Your Health Today Magazine

Aneurysms Can’t Keep ‘Buz’ Kaido Down

aneurysms

Though semi-retired, ‘Buz’ keeps active in his solar energy business.

"All things considered, I couldn't have had a better experience," Arthur ‘Buz’ Kaido

By a lucky accident, Arthur “Buz” Kaido learned he had abdominal aneurysms.

Recently, during routine physical tests, a chest X-ray indicated a suspicious area in one of his lungs. He underwent a positron emission tomography (PET) scan, and the results appeared normal. Then the pulmonologist scrolled through the image.

“He said, ‘you've got a couple of huge aneurysms there,’” Buz recalled. “He immediately picked up the phone and called my primary care physician. It was very fortuitous that I had come in for another problem.”

Buz had not one but two aneurysms: one aortic, one iliac. He had no symptoms. Left unchecked, abdominal aortic aneurysms can be deadly: those that rupture outside of a hospital setting are fatal 90 percent of the time.

In September, Buz underwent an iliac branch stent-graft procedure with Brian Peterson, M.D., a SLUCare vascular surgeon specializing in treating aneurysms. In November 2013, Dr. Peterson was the first surgeon in the world to perform the procedure, at St. Anthony’s Heart and Vascular Institute. The first patient – and subsequent patients including Buz Kaido – have been enrolled in the Gore Excluder Iliac Branch Clinical Study, which tests the safety and effectiveness of the new stent.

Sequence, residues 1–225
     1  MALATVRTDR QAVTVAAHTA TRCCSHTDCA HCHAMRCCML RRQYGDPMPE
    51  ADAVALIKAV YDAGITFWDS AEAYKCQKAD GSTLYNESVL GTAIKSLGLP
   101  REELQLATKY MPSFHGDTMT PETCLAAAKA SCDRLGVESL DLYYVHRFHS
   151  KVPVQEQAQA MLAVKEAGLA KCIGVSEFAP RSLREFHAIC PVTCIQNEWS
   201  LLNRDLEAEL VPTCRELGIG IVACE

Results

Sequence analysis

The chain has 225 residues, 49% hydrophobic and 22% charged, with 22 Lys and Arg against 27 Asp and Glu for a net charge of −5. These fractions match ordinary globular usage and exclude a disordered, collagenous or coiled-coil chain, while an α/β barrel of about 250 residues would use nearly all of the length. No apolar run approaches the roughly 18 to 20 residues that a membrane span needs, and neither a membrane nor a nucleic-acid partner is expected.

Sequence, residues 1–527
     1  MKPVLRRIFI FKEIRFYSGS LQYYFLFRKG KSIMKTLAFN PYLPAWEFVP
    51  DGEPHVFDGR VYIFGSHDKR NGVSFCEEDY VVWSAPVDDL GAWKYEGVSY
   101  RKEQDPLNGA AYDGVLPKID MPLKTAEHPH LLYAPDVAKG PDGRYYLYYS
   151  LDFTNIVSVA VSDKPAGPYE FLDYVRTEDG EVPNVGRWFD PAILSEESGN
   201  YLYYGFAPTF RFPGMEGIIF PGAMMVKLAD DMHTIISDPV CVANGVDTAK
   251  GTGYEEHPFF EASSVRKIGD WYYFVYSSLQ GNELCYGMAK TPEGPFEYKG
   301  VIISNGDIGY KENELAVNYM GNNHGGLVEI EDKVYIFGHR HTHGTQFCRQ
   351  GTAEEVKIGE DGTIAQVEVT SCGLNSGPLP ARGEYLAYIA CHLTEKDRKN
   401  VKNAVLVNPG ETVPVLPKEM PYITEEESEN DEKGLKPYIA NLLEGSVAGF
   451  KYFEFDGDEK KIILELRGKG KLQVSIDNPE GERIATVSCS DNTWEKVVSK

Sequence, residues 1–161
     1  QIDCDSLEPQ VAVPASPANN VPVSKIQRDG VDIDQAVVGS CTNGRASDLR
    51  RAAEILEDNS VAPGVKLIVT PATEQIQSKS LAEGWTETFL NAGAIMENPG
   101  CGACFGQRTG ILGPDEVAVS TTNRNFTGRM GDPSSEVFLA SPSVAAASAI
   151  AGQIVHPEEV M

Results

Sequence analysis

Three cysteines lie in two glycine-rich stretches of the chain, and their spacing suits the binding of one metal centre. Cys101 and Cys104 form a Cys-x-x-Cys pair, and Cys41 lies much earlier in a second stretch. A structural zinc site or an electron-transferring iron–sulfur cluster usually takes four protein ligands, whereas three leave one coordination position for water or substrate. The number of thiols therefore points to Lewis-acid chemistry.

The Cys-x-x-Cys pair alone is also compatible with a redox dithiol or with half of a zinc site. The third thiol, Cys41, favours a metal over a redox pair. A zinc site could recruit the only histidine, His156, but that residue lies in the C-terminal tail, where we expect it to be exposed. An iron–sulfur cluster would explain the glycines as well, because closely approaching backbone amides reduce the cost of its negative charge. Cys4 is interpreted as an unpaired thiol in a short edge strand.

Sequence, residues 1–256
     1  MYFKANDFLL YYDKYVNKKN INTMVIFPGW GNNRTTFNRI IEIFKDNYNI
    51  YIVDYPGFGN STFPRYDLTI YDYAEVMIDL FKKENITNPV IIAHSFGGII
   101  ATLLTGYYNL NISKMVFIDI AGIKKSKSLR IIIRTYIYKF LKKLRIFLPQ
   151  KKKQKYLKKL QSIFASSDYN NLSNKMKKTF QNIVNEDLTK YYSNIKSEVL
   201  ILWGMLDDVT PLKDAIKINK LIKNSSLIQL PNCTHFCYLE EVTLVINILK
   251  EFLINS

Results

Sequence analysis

“This new device offers a treatment not previously available for patients who have an aneurysm of their aortic and iliac arteries,” Dr. Peterson said. “Before this device was available, repairs of this type of aneurysm required sacrificing one of the major blood vessels, putting the patient at risk of decreased blood flow to the pelvis. That decreased blood flow most commonly manifests as pain while walking, and difficulty walking. With this new device, patients can be back to their normal daily activities with fewer restrictions more quickly.”

Buz, 70, did his homework.

“I read enough about it to know that it wasn’t really experimental. They’ve been using the Gore stentgraft in Europe for several years,” he said. “Dr. Peterson’s reputation made me feel a lot better about it.

“All things considered, I couldn't have had a better experience,” he added. “Dr. Peterson and his staff were great, and the pre-surgery nurses, the recovery room, every part of the experience.”

After spending a restrictive two-week recuperation period at home, the semi-retired solar energy consultant received a clean bill of health in follow-up visits with Dr. Peterson. Buz is now back to his regular strenuous activities, maintaining his 30-plus-acre Jefferson County home and grounds and related equipment.

“I'm able to do everything I used to do,” he said. “I’m glad I had a doctor who really knew his stuff, about the best in the whole country. I'm also lucky to have been accepted in the study.”